One time, after I did a pre­sen­ta­tion, a woman came to me almost in tears and told me her son was get­ting bul­lied at school. She then told me the prin­ci­pal read the book One to all the class­rooms. The boy end­ed up stay­ing at the school after much live­ly con­ver­sa­tion had been gen­er­at­ed. The book cre­at­ed a spark, but it was the stu­dents, par­ents, and teach­ers them­selves who took it way beyond the book and made their own sto­ry in real life. Now that is tru­ly mag­i­cal.

What are your chal­lenges as a pub­lish­er?

For me, the chal­lenges that face a pub­lish­er are two-fold: cre­ative chal­lenges and prac­ti­cal chal­lenges. For me, enabling the cre­ative process is key. So what­ev­er cre­ative chal­lenges a pub­lish­er might face (need­ing to make the sto­ry longer, thus hav­ing more pages affect­ing more paper thus mak­ing it more expen­sive) must be sup­port­ed by the prac­ti­cal. Not the oth­er way around. If ‘how much a book costs’ ulti­mate­ly dic­tates how a book looks or what it must be, then the book will like­ly not live up to its full poten­tial. Of course, mar­ket­ing is always key. With­out it, how will peo­ple know your book exists? You need to mar­ket to make peo­ple aware. There is a very low prof­it mar­gin in the pub­lish­ing indus­try, so it’s always a tricky bal­ance with how much mar­ket­ing you do, how real­is­ti­cal­ly you can hope this book will per­form, what your bud­get should be, and—with all this in mind—still enable the book. When your book is “born” and released into the world, it will have it’s own per­son­al­i­ty and tra­jec­to­ry. The mar­ket­ing plan you decide on at first might not ulti­mate­ly be the right one for the book. It’s impor­tant to evolve to what the book tells you it needs once it’s out in the world.

Tell us about one or two of your books and why they are unique.

The book One is spe­cial to me because it’s the first book I cre­at­ed that had illus­tra­tions that were sym­bol­ic. The main char­ac­ters are col­ors and num­bers, but they also rep­re­sent emo­tions and dif­fer­ent per­son­al­i­ties. In the begin­ning, I was told this book would nev­er sell. A major chain book­store rep­re­sen­ta­tive told me “kids won’t ‘get it.’ It’s too con­cep­tu­al.” It was also sug­gest­ed that I “should have a more col­or­ful cov­er like Rain­bow Fish, which has a very beau­ti­ful, col­or flashy holo­graph­ic foil on it. Pub­lish­ers must some­times “pro­tect” our books like par­ents. We must know what the book inher­ent­ly and authen­ti­cal­ly needs and stick to it. I knew the cov­er and sto­ry of One need­ed to be thought­ful, yet sim­ply told. I’m glad I stuck to my guns! One is now in its 24th print­ing!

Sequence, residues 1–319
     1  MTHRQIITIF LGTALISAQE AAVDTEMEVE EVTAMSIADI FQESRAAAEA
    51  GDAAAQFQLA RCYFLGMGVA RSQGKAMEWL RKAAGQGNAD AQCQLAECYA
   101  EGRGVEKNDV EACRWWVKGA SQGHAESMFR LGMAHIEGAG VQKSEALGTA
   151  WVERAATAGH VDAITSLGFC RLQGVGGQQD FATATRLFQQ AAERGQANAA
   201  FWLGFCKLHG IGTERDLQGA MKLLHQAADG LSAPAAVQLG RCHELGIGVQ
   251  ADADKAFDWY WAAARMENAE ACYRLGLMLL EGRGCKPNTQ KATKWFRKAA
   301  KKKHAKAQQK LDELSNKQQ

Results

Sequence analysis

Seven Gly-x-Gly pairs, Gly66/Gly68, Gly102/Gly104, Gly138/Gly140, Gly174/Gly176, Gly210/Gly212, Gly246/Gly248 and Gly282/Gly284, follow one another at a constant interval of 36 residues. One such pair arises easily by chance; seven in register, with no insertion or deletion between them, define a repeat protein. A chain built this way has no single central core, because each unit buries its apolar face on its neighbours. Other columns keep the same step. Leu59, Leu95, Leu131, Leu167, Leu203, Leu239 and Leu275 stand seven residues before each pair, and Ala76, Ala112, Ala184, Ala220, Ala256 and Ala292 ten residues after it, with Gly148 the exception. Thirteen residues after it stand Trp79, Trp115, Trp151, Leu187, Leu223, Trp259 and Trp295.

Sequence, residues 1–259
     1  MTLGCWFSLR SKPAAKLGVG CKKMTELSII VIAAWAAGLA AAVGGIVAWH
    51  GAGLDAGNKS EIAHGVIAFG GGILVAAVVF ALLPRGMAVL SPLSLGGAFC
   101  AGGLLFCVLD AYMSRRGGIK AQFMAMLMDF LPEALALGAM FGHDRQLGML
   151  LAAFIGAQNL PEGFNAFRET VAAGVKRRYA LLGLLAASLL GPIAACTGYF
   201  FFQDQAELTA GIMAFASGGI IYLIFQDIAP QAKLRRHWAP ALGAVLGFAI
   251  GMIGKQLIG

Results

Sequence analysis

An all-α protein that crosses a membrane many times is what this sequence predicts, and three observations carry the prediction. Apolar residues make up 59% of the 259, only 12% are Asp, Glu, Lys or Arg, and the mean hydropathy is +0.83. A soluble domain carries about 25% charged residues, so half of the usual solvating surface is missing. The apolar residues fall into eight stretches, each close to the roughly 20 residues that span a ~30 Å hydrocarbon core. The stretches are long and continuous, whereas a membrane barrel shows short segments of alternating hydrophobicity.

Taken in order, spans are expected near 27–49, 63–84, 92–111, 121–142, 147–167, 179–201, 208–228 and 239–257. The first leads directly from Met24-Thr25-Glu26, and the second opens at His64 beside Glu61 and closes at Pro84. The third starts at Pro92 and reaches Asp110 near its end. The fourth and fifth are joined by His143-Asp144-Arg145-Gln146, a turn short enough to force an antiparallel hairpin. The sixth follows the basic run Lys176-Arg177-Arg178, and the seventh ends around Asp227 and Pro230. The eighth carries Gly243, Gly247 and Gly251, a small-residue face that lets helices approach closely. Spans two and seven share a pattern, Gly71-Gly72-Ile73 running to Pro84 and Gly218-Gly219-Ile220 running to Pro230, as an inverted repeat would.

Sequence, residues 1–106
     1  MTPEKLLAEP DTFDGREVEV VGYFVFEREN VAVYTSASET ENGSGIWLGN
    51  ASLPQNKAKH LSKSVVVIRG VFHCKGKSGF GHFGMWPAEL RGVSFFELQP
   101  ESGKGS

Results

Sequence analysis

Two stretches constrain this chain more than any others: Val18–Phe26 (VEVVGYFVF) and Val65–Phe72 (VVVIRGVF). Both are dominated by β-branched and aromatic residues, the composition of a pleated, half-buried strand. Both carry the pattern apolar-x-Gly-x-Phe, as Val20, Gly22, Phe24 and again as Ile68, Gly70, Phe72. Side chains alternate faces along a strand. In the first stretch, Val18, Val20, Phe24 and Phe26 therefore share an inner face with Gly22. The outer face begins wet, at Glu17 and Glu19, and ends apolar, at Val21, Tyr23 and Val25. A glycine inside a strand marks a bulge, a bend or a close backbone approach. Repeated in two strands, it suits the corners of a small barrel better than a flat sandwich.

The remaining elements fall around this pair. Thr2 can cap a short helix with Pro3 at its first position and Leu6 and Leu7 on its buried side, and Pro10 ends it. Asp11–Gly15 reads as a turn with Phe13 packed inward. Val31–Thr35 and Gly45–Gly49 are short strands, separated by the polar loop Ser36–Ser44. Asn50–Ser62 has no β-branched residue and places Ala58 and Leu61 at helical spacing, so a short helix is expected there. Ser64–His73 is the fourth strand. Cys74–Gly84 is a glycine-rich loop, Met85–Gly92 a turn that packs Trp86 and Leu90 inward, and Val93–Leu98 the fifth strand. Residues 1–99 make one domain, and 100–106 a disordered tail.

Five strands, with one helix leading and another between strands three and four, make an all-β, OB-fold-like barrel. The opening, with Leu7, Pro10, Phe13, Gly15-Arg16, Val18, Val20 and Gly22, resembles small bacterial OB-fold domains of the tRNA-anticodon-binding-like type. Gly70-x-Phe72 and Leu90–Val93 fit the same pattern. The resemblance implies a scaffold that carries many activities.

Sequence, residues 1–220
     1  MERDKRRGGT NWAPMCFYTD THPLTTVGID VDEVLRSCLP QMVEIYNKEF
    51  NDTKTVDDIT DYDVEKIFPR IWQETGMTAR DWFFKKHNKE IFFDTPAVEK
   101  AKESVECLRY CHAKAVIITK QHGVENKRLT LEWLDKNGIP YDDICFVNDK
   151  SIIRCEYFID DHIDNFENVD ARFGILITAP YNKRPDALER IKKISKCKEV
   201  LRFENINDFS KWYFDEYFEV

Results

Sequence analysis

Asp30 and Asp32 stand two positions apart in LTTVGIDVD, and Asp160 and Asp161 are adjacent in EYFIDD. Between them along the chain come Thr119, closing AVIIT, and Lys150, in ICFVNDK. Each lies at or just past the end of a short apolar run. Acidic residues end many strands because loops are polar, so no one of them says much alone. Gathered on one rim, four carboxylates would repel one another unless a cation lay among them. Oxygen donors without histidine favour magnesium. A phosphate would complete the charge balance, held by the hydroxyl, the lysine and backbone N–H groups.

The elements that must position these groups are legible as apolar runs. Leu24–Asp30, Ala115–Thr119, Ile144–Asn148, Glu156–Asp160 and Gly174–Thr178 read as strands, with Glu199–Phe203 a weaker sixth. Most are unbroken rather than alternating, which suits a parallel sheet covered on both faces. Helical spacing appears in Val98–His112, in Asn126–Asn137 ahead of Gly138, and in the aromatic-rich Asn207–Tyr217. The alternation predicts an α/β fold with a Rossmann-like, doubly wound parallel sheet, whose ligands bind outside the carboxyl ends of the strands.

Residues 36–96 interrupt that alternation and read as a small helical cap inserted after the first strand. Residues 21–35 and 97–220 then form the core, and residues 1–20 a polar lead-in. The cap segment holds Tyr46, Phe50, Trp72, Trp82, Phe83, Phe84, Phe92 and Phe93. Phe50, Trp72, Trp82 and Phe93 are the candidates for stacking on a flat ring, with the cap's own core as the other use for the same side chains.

Beautiful HandsBeau­ti­ful Hands was done for Bret Baum­garten, who was diag­nosed with pan­cre­at­ic can­cer. When we found out, it was at stage 4. It was heart­break­ing. He and I both want­ed to do a book for his chil­dren, Noah and Sofie. I found out every day he would hold his kids’ hands in his and ask them, “What will your beau­ti­ful hands do today?”

I want­ed every­one whom Bret loved to be in this book. We arranged for his fam­i­ly and friends (mine too!) to make hand­prints as part of the illus­tra­tions in the book, so that they could par­tic­i­pate and be a part of this nar­ra­tive. Over 100 people’s hand­prints are in the rain­bow at the end of the sto­ry. So many peo­ple loved Bret, we didn’t know where to put our grief. The book became a pos­i­tive way to remem­ber the mes­sage he want­ed to impart most: love, cre­ativ­i­ty, com­pas­sion, and our con­nec­tion with one anoth­er.

2 Responses to Blue Dot Press | KO Kids Books

  1. Aimee Bissonette March 8, 2019 at 7:39 am #

    Beau­ti­ful Hands” is one of my favorite new pic­ture books — even more so now that I know the sto­ry behind it. Keep mak­ing won­der­ful books, Kathryn O!

  2. margaretsmn March 11, 2019 at 5:41 am #

    I had the plea­sure of meet­ing Kathryn in line for a book sign­ing at NCTE. I was able to thank her per­son­al­ly for Beau­ti­ful Hands.